Sriram Raghavan's Andhadhun is an edgy suspense thriller following a light-hearted module best suited for this gripping narrative. The central plot of the film is based on a 2010 French short film by Olivier Treiner titled "L'accordeur" ('The Piano Tuner' in English) where a pretending blind man who is a piano tuner by profession can actually see is burdened by his act to gain sympathy. Founds himself in the midst of a woman who has already murdered someone and the self-less protagonist can just play his piano continuing his blind act.
Revolving around the lead character Aakash played Ayushmann Khurrana who is a blind pianist from Pune living in the handicapped NGO quarter with subsidised rent. Following his aspirations to land in London, Aakash wants to complete his missing piece, ''Kuch cheezein adhuri hone pe hee toh puri lagti hai" utters Radhika Apte his hand holding companion who gets him a job at her father's restaurant. Well, it is always hard to review a suspense thriller, with not giving away much of the details that would ruin your theatrical experience. Beginning with Pramod Sinha played by Anil Dhawan a vintage Bollywood star who is forgotten by the audience, while Tabu plays his monotonous wife who aspires to become a Bollywood actress. It is the macho muscular sub-inspector played by Manav Vij who makes the film even edgier as the narrative prospers. It's a murder where these characters are in the midst. Director Raghavan has neither hiding the motive of murder nor the one who is guilty of this crime. In fact, every kinky detail from the crime scene is out there for the audiences but it's the consequences that make things intriguing with the indulgence of the twist and turns.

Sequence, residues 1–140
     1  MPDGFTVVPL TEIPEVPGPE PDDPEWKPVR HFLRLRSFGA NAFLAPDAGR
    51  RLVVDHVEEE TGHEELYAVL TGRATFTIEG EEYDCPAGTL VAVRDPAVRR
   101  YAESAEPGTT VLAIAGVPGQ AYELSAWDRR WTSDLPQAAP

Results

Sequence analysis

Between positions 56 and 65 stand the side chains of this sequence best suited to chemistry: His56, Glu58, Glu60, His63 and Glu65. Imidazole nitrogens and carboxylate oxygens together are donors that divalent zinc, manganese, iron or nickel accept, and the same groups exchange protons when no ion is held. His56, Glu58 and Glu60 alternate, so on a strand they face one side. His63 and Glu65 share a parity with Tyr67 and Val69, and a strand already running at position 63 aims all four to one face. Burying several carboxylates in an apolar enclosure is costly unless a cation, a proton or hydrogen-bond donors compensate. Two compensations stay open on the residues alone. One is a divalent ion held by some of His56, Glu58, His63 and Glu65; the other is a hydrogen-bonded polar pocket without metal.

The first half is absolutely kickass, introducing the major characters flawlessly at a right pace we do witness some nail-biting moments that becomes the film's USP. Although, the whole film is quite unpredictable from start to finish, there are some points Raghavan missed out to mend as we evaluate the film critically, but we can let go off a couple of mistakes when we have a gripping fare which is worth every penny. Well, the only stand out star whose performances are legitimate and impactful is Tabu and Ayushmann Khurrana. This is surely Tabu's spotless after 'Haider' and her acting prowess is a true treat to watch. Oh Boy! Ayushmann Khurrana has delivered the finest performance of his life and his laudable act was actually playing those catchy tunes all by himself. Khurrana plays the blind man with a lot of conviction and yes he would have the audience's sympathies to be precise. He fits in the shoes of this fresh character.
It is the songs of the film that has raised its bar a bit further. Amit Trivedi's rock alternative composition has been the core of every number from the film's album. The first song 'Naina Da Kya Kasoor' which is a fast-paced romantic number featuring Ayushmann Khurrana and Radhika Apte's eloquent chemistry. 'Wo Ladki' by Arijit Singh is an ear-pleasing number and a surprise package to unwind as this happening number gets all your attention. 'Laila Laila' by Amit Trivedi is good to catch up as well. While how can we resist performing the artist himself as Ayushmann Khurrana sings "Aap se Milkar achha laga" and yes the audiences would say the same.
Director of Photography K.U. Mohanan has captured some cinematic shots quite smoothly. The simplicity and details are the finesse that sets fire when we talk about the film's camera work. Film's editing by Pooja Ladha Surti needs to be applauded for lining up sequences so smoothly. After an intense 'Badlapur', Sriram Raghavan delivers a black comedy and his direction had the flavours of his past work which was clearly sensed. Gripping screenplay is the match winner.
From quirky punch lines to uncertain situations, this Sriram Raghavan's film is surely enjoyable.